Statistical modeling

  • What the 2-gram says...
    • The world around us exists. We will never be able to understand it fully, but we might be able to describe it with some accuracy, and if we're lucky and good at what we do, with some precision.
    • The scientific method, embodied by Bayes's theorem, allows us to propose structure models of the world and score them based on the data that we have at hand.
  • We must now understand what these models can possibly look like. In this course models are always generative -- we will always be able to generate data from our models by writing an algorithm to do so.
    • (We might need to specify additional parameters too, such as exogenous observed data. More on that later.)
  • Generative model -> we can write an algorithm to generate from the model -> we should be able to order the model components somehow. More formalization needed.
In [2]:
image = img.imread("./plots/2021-02-17topo-sort.png")
fig, ax = plt.subplots(figsize=(8, 8))
  • Statistical models: use Bayes's theorem again. Assume that the nodes $x_1,..., x_N$ are topologically sorted. Then the joint density can be factored as
$$ \begin{aligned} p(x_1, x_2,...,x_N) &= \prod_{n=1}^N p(x_n | x_{n' < n})\\ &\equiv p(x_N|x_{N-1},...) p(x_{N - 1}|x_{N - 2}) \cdots p(x_1) \end{aligned} $$
  • So, this is a fundamentally generative story (as suggested by the topological sort!) First we generate from $x_0$, then from $x_1 | x_0$, then from $x_2 | x_1, x_0$, then... etc.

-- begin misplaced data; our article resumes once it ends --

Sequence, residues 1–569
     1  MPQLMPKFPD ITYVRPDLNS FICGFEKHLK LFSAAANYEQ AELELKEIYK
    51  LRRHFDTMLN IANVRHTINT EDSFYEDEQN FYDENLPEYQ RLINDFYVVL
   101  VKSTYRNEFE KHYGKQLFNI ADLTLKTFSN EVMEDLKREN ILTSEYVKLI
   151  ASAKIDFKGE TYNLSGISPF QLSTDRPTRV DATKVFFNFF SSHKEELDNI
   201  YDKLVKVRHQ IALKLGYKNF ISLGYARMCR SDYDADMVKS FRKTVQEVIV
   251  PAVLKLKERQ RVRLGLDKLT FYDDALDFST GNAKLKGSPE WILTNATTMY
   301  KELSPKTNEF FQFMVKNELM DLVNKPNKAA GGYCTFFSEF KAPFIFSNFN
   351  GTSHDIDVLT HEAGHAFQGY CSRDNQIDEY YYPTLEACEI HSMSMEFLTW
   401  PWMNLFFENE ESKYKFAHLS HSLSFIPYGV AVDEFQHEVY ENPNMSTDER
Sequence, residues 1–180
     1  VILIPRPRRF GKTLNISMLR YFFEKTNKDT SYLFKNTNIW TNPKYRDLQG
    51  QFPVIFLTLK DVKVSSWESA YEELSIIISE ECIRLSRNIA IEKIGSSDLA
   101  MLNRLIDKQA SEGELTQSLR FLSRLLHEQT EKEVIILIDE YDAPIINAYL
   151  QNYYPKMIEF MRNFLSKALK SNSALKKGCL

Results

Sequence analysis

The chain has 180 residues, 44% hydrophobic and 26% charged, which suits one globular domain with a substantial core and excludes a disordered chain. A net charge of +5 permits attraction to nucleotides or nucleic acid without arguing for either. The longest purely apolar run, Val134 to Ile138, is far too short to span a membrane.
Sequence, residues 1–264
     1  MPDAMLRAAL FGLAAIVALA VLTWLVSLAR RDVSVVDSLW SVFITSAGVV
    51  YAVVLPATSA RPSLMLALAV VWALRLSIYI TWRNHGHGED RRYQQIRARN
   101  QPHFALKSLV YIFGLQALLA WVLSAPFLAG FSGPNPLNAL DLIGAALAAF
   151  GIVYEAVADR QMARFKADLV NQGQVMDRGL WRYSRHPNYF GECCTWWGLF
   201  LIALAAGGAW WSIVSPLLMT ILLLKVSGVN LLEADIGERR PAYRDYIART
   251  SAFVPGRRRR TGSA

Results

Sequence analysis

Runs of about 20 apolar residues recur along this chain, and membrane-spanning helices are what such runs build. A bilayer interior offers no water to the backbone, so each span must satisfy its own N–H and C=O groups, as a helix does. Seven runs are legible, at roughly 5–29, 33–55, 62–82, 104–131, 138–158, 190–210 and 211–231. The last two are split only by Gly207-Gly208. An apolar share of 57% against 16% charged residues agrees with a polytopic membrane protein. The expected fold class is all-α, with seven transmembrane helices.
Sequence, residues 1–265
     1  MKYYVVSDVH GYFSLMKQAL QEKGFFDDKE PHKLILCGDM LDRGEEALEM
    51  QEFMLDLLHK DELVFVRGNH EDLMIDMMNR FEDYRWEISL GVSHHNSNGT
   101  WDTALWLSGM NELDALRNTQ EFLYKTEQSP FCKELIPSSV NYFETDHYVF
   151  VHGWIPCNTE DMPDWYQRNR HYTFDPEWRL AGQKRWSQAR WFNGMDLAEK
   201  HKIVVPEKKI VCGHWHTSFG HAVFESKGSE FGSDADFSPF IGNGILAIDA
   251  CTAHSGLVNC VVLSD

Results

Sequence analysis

• If we are lucky (as in previous slide) then there isn't dependence on all $n' < n$ but rather only some of them.
  • Usually three ways to write down our generative models:
    • (Pseudo)code (necessary and sufficient)
    • Mathematically
    • Graphically
  • Pseudocode

      meta_scale ~ Gamma(5.0, 1.0)
      loc ~ Normal(0.0, meta_scale)
      scale ~ Gamma(meta_scale, meta_scale)
      for i = 1,...,N:
          data[i] ~ Normal(loc, scale, obs=real_data[i])
  • Mathematically
$$ \begin{aligned} &p(\text{meta_scale}, \text{loc}, \text{scale}, \text{data}) = \\ &\quad p(\text{meta_scale}) p(\text{loc}|\text{meta_scale}) p(\text{scale} | \text{meta_scale}) \prod_{i=1}^N p(\text{data}_i | \text{loc}, \text{scale}) \end{aligned} $$
In [3]:
# graphically
image = img.imread("./plots/2021-02-17meta-scale-model.png")
fig, ax = plt.subplots(figsize=(6, 6))
In [4]:
# and as actual code (we'll get to how this works soon)

def meta_scale_model(data, size=1, verbose=False):
    meta_scale = pyro.sample(
        dist.Gamma(5.0, 1.0)
    loc = pyro.sample(
        dist.Normal(0.0, meta_scale),
    scale = pyro.sample(
        dist.Gamma(meta_scale, meta_scale)